6. A little vitamin C very likely won't hurt. Studies about the usefulness of vitamin C against colds "come down on both sides of the fence," says Schaffner. Helpful or not, there's probably little harm in taking the popular vitamin as long as people remember to keep hydrated, he says. Some people seem to think that if a little vitamin C is good, then taking a lot must be better, which isn't true. If a person is dehydrated, vitamin C can crystallize in the kidneys and bladder, creating stones.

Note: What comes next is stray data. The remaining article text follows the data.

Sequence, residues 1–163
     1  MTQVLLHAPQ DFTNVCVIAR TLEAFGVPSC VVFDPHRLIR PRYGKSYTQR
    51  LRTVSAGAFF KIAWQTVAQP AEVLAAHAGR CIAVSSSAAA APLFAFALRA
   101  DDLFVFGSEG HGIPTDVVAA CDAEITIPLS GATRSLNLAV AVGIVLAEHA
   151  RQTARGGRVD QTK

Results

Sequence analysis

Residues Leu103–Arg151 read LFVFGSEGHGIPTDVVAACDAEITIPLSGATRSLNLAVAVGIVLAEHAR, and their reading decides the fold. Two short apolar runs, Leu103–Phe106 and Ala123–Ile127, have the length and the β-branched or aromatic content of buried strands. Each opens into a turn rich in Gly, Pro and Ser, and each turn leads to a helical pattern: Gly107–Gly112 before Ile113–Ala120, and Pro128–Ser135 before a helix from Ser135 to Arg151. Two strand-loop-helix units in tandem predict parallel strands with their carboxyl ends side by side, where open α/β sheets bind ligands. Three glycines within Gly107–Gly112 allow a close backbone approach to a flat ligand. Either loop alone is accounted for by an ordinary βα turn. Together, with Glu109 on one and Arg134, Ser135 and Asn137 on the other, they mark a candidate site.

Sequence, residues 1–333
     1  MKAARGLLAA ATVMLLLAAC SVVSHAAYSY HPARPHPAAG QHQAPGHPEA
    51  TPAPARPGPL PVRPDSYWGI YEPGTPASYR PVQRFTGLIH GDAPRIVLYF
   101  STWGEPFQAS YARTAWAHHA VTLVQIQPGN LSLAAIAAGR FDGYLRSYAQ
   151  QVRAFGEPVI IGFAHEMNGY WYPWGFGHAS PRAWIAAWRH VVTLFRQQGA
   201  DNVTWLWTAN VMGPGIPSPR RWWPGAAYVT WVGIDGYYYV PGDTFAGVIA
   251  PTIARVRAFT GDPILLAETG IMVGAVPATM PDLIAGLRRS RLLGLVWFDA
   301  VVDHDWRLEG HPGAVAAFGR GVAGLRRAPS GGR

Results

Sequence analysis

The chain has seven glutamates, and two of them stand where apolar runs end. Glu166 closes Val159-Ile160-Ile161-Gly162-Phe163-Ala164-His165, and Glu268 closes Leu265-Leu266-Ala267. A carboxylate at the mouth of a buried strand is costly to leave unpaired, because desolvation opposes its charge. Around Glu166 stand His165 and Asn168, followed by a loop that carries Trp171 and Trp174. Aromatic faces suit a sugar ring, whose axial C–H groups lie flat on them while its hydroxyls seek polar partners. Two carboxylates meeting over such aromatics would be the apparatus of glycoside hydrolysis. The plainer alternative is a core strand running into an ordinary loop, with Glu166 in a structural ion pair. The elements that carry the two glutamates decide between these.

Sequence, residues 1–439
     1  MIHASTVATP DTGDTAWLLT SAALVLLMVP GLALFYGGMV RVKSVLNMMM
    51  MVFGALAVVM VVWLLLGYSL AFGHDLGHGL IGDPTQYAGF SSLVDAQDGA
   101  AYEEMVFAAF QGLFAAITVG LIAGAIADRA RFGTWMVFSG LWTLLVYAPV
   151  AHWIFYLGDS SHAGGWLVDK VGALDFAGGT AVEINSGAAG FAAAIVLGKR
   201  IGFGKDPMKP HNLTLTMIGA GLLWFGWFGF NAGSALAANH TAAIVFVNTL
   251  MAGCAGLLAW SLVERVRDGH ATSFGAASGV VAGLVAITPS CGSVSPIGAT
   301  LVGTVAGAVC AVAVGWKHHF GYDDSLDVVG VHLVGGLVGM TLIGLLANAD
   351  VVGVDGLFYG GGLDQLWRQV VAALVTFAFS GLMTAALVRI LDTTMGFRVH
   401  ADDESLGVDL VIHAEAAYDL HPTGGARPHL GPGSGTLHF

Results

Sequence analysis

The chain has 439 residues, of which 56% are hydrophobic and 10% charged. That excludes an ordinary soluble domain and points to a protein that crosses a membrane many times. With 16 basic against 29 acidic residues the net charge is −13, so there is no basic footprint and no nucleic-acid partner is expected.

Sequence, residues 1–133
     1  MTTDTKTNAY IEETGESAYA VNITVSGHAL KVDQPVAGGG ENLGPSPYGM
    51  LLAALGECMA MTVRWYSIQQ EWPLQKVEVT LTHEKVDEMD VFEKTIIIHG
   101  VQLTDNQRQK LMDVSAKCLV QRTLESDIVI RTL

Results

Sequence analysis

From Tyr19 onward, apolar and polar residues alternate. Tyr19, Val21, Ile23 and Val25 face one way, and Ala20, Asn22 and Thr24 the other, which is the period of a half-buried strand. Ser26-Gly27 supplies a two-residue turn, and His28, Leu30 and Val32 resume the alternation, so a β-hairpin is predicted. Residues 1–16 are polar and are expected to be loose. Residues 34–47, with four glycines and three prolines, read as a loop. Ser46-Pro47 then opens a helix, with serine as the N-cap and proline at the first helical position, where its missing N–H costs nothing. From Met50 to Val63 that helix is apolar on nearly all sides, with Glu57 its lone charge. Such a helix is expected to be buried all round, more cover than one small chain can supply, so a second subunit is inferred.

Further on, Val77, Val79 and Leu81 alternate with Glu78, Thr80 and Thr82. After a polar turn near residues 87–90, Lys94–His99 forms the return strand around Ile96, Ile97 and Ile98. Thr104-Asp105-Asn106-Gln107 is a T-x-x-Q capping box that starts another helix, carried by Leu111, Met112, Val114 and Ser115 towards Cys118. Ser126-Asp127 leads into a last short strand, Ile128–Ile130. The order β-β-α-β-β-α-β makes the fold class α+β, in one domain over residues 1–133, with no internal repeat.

7. Mom was probably wrong about wet hair in the wintertime. Does being wet and cold make people more vulnerable to colds? Probably not, says Schaffner.
In the end, while you can lower the odds of getting sick, the reality is that "you're going to get a cold anyway—it's a question of how many," says Aaron Glatt, president and CEO of New Island Hospital in New York and a spokesperson for the Infectious Diseases Society of America.